Sampaguita takes you on a hilarious marriage-go-round in a deliriously different musical-comedy starring the nation's favorite love-team.

Director:

Tony Cayado

Writers:

Joe Reyes (story), Joe Reyes (screenplay)
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Cast

Cast overview, first billed only:
Gloria Romero ... Gloria
Juancho Gutierrez Juancho Gutierrez ... Juancho
Dolphy ... Dolphy
Panchito Panchito ... Panchito
Bella Flores ... Doña Lilay
Lillian Laing Lillian Laing ... Matsay de Garutay (as Lillian Laing de Leon)
Horacio Morelos Horacio Morelos ... Kiko
Boy Planas Boy Planas ... Junior
Meldy Corrales Meldy Corrales
Pacita Arana Pacita Arana
Nori Dalisay Nori Dalisay
Precy Ortega Precy Ortega
Juvy Cachola Juvy Cachola
Amparo Lucas Amparo Lucas
Maria Victoria Maria Victoria
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Storyline

Sampaguita takes you on a hilarious marriage-go-round in a deliriously different musical-comedy starring the nation's favorite love-team.

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Details

Country:

Philippines

Language:

Filipino | Tagalog

Release Date:

4 May 1961 (Philippines) See more »

Company Credits

Production Co:

Sampaguita Pictures See more »
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Technical Specs

Sound Mix:

Mono
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User Reviews

 
Gloria Romero charms her clumsy way into married life with the dashing Juancho Gutierrez
26 March 2013 | by gstepupSee all my reviews

HANI-HANIMUN (1961) from Sampaguita Pictures is entertaining fluff about the travails of a hapless couple (Gloria Romero, Juancho Gutierrez) who elope and try to keep up house. From the opening credits where dashing Juancho (Gutierrez) buys flowers for Gloria (Romero), and upon his visit to the Immaculate Dormitory for Girls is mobbed by Romero's nosy and mischievous dorm-mates, to the trying-for-domesticated-life slapstick between the lovers, Tony Cayado's direction aims to make us laugh, chuckle, wince, shed tears, and rejoice at the happy ending (a prerequisite for Sampaguita Pictures stock).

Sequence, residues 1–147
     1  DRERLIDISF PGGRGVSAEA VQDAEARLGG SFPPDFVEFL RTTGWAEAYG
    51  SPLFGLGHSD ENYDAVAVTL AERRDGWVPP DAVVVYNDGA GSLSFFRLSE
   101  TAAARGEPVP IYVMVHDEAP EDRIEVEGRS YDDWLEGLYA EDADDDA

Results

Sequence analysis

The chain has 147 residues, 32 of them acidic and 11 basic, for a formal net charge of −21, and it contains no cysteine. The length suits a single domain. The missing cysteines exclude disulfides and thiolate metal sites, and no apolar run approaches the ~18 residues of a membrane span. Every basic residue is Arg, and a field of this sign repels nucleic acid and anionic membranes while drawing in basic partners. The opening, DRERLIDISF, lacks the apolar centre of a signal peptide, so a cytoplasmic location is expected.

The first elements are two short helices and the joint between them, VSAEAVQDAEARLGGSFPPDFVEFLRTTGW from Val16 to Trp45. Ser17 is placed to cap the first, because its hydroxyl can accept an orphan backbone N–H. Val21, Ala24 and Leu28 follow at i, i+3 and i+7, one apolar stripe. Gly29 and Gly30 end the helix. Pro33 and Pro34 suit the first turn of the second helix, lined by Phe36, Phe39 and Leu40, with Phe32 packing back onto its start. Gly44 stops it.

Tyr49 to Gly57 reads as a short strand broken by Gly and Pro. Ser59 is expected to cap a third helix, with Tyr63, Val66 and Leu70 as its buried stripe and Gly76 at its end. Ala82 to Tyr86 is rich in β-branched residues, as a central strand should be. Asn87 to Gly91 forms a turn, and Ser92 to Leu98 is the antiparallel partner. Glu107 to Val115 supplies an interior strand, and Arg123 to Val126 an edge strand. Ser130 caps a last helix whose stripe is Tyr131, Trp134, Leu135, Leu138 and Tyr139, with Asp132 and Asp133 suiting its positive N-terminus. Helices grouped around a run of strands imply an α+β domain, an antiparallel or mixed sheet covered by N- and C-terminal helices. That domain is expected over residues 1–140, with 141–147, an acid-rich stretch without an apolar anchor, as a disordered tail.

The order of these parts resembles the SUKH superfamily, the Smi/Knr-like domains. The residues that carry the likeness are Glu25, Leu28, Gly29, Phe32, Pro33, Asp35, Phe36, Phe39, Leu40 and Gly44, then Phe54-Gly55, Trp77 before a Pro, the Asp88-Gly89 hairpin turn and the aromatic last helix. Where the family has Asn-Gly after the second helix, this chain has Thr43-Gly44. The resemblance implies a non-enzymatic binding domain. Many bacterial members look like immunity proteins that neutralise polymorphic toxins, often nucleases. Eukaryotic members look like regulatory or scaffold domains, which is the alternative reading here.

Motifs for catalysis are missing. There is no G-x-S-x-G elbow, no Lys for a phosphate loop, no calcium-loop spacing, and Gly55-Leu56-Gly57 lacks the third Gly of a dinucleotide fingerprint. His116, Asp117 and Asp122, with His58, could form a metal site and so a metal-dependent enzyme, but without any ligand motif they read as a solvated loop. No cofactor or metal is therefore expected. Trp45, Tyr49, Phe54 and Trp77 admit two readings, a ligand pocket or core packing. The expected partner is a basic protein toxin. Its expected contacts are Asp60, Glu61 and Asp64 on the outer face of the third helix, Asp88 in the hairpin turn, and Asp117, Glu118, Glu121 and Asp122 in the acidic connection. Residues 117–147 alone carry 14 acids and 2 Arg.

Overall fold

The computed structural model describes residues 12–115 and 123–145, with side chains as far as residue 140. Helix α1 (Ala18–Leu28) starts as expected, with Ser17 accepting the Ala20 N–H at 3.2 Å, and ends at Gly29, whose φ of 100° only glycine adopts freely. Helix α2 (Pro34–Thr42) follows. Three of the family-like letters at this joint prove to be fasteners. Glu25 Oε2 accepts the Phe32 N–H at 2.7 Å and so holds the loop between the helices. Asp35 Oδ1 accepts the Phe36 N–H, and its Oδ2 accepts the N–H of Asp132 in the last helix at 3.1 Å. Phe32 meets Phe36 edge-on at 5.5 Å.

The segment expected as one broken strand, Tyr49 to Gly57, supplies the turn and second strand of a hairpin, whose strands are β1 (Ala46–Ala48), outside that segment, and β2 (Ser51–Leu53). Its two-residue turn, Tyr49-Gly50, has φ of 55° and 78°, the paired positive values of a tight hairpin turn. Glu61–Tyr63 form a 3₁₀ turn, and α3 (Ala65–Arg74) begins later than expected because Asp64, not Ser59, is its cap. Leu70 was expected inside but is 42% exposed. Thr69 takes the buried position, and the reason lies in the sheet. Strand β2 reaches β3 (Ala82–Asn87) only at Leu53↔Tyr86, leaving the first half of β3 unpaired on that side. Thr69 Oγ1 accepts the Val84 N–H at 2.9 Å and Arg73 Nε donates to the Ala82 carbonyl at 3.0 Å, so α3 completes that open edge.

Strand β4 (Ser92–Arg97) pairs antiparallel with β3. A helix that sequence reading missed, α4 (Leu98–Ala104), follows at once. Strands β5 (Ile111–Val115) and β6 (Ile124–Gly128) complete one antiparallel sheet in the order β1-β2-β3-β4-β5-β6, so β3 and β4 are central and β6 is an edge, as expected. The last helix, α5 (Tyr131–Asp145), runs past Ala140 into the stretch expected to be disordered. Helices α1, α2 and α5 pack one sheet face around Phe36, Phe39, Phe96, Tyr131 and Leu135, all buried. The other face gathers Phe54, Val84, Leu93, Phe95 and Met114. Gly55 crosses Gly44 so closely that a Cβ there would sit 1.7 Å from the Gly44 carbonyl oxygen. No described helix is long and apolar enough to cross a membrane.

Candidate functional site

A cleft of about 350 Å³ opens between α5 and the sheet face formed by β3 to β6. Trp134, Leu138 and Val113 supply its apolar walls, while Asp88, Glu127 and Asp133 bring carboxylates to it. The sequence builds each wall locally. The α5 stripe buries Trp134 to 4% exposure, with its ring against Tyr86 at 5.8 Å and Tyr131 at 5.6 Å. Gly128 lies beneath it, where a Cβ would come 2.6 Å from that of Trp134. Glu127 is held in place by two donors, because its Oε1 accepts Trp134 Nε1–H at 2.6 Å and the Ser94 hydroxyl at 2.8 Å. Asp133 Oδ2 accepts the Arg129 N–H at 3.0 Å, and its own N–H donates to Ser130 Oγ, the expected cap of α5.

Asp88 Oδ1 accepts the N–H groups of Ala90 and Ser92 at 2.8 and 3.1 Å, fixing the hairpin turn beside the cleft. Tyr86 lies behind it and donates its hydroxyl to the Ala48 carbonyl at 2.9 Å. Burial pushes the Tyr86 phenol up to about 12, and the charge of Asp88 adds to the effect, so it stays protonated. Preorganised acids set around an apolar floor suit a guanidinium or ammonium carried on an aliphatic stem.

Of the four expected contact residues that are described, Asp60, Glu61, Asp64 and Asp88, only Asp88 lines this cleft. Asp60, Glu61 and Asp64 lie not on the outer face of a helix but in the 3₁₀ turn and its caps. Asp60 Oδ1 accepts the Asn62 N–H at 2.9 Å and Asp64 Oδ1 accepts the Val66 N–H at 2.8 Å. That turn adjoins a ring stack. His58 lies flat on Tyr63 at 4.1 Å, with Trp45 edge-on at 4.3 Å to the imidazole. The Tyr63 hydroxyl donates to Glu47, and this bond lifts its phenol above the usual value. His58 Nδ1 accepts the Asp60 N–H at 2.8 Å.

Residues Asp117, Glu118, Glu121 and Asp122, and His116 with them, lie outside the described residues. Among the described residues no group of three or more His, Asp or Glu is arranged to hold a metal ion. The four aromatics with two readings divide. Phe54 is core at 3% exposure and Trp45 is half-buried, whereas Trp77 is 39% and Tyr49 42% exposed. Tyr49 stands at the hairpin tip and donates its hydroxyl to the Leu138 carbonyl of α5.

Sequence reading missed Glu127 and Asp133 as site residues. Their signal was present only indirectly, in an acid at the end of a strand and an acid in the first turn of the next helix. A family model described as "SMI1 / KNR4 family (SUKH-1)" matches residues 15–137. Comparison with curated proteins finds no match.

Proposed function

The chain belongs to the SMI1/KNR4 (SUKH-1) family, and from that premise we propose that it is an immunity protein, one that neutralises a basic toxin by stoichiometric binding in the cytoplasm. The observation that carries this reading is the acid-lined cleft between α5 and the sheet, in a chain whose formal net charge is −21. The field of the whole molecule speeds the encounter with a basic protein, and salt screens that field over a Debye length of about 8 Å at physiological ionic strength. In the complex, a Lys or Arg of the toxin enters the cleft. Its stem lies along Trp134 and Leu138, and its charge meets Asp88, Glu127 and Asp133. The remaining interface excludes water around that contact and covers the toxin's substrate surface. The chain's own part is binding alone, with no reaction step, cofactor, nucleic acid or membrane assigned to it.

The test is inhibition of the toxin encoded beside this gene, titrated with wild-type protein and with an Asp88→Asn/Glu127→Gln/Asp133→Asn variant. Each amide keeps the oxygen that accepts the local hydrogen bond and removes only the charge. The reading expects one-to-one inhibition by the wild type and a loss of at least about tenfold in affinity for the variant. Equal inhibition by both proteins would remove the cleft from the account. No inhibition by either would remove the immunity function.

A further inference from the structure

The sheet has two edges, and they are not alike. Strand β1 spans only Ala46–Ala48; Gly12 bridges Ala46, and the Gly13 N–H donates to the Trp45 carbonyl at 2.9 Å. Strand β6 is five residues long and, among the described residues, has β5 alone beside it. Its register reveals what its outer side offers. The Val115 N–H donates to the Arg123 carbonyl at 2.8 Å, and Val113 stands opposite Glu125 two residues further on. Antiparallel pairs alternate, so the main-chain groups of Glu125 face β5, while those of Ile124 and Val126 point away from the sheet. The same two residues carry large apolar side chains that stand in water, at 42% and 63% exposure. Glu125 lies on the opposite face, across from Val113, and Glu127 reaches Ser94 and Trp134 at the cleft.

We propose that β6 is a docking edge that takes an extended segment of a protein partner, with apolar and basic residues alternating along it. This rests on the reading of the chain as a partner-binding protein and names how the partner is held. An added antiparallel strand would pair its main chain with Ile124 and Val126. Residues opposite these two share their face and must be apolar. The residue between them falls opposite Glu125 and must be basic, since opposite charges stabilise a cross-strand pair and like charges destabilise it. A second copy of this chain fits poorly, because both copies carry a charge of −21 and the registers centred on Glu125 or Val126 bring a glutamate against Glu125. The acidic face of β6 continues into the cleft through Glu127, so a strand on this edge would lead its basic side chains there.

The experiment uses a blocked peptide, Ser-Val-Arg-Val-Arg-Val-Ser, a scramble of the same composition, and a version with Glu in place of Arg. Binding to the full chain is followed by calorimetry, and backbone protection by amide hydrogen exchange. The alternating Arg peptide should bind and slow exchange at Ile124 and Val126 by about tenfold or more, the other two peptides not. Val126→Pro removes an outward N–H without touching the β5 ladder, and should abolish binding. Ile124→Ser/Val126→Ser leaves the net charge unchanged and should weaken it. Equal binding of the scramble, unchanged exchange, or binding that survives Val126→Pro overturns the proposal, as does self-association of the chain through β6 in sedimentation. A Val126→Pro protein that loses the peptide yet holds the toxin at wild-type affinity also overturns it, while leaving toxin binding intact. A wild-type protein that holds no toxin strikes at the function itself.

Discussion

Comic relief is amply provided by Dolphy, Panchito, and Bella Flores, while Lillian Laing adds to the already whimsical vignettes of married life. Dolphy and Panchito's scenes as gluttons are simply hilarious -- despite Romero's initial culinary failures.

The lines are blurred between make-believe and real life, because the lead stars act childlike and childishly, just as children would pretend to husband-and-wife in their games. Some of the classic scenes include Romero (only 28 when she made this rom-com, while Gutierrez was 29) trying to learn how to cook, and Dolphy earnestly answering the obstetrician's questions addressed to Romero.

All's well that ends well, and Romero and Gutierrez pick up valuable lessons about marriage, parenthood, responsibility, family ties and friendship. Romero surprised audiences with this change-of-pace role, heretofore playing virtuous maidens and prim-and-proper convent-bred colegialas. That the lead stars married in real life (1960) endeared them to audiences, and their occasional love-team made money (although Romero was really paired cinematically with Luis Gonzales, making some 30 films with him).


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